“By the end of that first summer, the heavy flow of traffic had overwhelmed
the small storefront.”
There were 214 drug-related contacts in the second half of 1971, the center’s director, Dr. Eric Chivian, reported. In those six months, he said, the center dealt with 20 “adverse psychological reactions related to drugs (‘bad trips’)” and 19 drug overdoses, “almost all involving sedative-hypnotic drugs such as alcohol and barbiturates.” The center soon moved to 6 Gosnold Street. While it lased only a decade, it had a profound effect on the town and might be described as the forerunner of Outer Cape Health Services.
Schlosberg sold 146 Commercial in 1976 to William J. Roberts III and Alan J. Wagg. They sold it two years later to Joseph P. Bonanno and Frank P. Cioffi, who owned it only a year before selling it in 1979 to Evelyn M. Simon, the proprietor of Simon’s Deli across the street, at 147 Commercial Street.
Simon founded Wampum Etc. in 1980 “to buy and sell jewelry and gifts, to craft and to teach the art of crafting jewelry, and to conduct exhibitions of jewelry for sale.” In 1993, the year Simon’s mortgage on the delicatessen space was foreclosed, she sold this property to William L. Fitzpatrick and Russell F. Dwyer.
They established West End Antiques at this address in the 1990s. Fodor’s said of the shop that it “sells everything from $4 postcards to a $3,000 model ship,” adding that “[h]andmade dolls and better-quality glassware — Steuben, Orrefors, and Hawkes — are also available.” A business called Second Chance Antiques was shown at this address in 2005.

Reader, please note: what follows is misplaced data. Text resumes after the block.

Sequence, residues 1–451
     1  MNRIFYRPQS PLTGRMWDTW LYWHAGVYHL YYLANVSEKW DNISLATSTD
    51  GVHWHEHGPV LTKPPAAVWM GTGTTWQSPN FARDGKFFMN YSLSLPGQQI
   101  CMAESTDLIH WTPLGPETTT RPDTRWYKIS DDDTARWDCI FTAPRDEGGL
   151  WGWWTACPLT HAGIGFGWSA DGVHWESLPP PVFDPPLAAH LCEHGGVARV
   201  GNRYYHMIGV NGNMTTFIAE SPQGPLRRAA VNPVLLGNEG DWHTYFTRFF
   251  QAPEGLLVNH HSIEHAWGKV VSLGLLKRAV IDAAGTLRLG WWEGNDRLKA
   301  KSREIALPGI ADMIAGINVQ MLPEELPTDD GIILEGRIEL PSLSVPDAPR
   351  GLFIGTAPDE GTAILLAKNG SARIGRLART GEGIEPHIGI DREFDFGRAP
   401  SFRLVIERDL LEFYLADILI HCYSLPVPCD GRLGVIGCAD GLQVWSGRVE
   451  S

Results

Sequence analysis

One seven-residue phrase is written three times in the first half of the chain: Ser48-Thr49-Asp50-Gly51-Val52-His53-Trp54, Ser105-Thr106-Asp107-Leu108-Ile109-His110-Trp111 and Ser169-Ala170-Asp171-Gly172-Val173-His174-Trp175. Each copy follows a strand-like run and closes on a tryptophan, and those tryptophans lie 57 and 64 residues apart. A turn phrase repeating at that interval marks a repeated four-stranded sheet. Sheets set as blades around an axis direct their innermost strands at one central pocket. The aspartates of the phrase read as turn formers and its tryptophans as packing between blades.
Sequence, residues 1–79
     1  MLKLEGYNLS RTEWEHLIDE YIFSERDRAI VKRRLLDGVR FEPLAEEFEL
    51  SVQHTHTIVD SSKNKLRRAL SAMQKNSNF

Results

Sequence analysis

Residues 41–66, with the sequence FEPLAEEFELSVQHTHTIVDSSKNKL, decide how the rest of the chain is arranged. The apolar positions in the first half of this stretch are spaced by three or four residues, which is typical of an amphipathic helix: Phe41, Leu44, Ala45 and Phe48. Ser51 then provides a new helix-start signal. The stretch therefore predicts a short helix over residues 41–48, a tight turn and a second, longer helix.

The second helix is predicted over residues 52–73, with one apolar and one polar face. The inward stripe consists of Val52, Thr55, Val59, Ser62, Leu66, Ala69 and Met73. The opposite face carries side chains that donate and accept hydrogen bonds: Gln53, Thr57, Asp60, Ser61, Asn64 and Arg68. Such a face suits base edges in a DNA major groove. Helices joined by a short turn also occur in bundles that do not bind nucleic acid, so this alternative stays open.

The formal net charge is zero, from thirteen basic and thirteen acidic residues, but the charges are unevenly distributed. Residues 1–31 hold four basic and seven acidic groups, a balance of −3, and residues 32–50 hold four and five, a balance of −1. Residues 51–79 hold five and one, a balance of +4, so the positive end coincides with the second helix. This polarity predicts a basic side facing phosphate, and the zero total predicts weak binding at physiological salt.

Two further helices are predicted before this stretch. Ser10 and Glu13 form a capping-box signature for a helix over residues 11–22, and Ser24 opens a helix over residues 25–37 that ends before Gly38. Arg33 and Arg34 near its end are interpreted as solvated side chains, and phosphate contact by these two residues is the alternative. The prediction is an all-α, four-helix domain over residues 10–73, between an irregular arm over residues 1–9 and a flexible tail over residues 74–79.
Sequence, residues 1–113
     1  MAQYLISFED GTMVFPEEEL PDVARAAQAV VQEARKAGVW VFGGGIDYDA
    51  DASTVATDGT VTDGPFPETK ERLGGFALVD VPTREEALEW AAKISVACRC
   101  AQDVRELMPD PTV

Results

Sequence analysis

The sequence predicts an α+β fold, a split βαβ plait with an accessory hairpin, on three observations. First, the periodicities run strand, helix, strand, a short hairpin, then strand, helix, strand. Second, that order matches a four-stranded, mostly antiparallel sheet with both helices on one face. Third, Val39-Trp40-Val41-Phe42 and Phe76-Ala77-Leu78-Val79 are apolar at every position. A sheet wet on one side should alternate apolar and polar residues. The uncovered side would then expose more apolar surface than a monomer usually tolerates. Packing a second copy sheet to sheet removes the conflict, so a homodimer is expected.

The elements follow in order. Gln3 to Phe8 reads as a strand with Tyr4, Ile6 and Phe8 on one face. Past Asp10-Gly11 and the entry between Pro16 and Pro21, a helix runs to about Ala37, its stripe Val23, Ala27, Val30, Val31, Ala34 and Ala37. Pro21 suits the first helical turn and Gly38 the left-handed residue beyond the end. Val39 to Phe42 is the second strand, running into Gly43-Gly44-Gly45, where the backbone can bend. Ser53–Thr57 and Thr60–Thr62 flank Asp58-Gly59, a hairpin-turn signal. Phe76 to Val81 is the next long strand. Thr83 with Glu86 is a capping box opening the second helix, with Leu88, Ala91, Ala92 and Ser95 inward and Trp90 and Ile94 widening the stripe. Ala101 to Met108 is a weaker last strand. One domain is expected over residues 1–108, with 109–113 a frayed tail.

That was the year Fitzpatrick and Dwyer converted their property into the four-unit West End Antiques Condominium. The commercial space was designated Unit 2.
Larry J. Richardson and Joseph Siciliano, proprietors of Red Square, in a photograph by David Jarrett.
A clothing store called Red Square was established in Unit 2 in 2006 by Joseph Siciliano and Larry J. Richardson of North Truro and Fort Lauderdale. The business, distinguished for the red awnings over the shop windows, lasted until 2016. At that time, the tenant of the commercial space was Bruce Ronayne Hamilton Architects, which also has an office in New Ipswich, N.H.
The commercial space has been owned since 2016 by Robert T. “Tommy” Chambers Jr. of West Hollywood, a noted interior designer in Los Angeles. Chambers and his husband, Todd D. Kusy, now own three of the four units in the West End Antiques condo. That level of commitment seems fitting since they met — and married — in Provincetown.
Robert T. “Tommy” Chambers Jr., profiled on the website of his firm, Tommy Chambers Interiors, owns three-quarters of 146 Commercial, with his husband, Todd D. Kusy.
¶ Last updated on 12 April 2019.
146 Commercial Street on the Town Map.
Also at 146 Commercial Street:
Thumbnail image: The Drop-In Center logo from a 1970 ad.
For further reading online
• Robert T. “Tommy” Chambers Jr.
Tommy Chambers Interiors website.
“Tommy Chambers and Todd Kusy,” Los Angeles LGBT Center / LGBT News Now, 5 December 2018.
• Patricia “Patti” (McNeil) Cozzi (1925-2013)
Find a Grave Memorial No. 114943522.
• Bruce Ronayne Hamilton
Bruce Ronayne Hamilton Architects website.
• James Collins Nickerson Paine (1818-1905)
Find a Grave Memorial No. 142767157.
• Louise C. Paine (1860-1951)
Find a Grave Memorial No. 153460733.
• Phebe A. (Cook) Paine (1836-1923)
Find a Grave Memorial No. 153461493.
• Elmer Joseph Souza (1924-1989)
Find a Grave Memorial No. 154936746.
• Joseph E. Souza (1919-1972)
Find a Grave Memorial No. 138510741.
• Mary Annuncion (Medeiros) Souza (1880-1967)
Find a Grave Memorial No. 126162894.
• Victor Joseph Souza (1876-1942)
Find a Grave Memorial No. 35384664.
• Joseph Almeida White (1903-1968)
Find a Grave Memorial No. 87214940.
• Philomena May (Souza) White (1906-1988)
Find a Grave Memorial No. 87214974.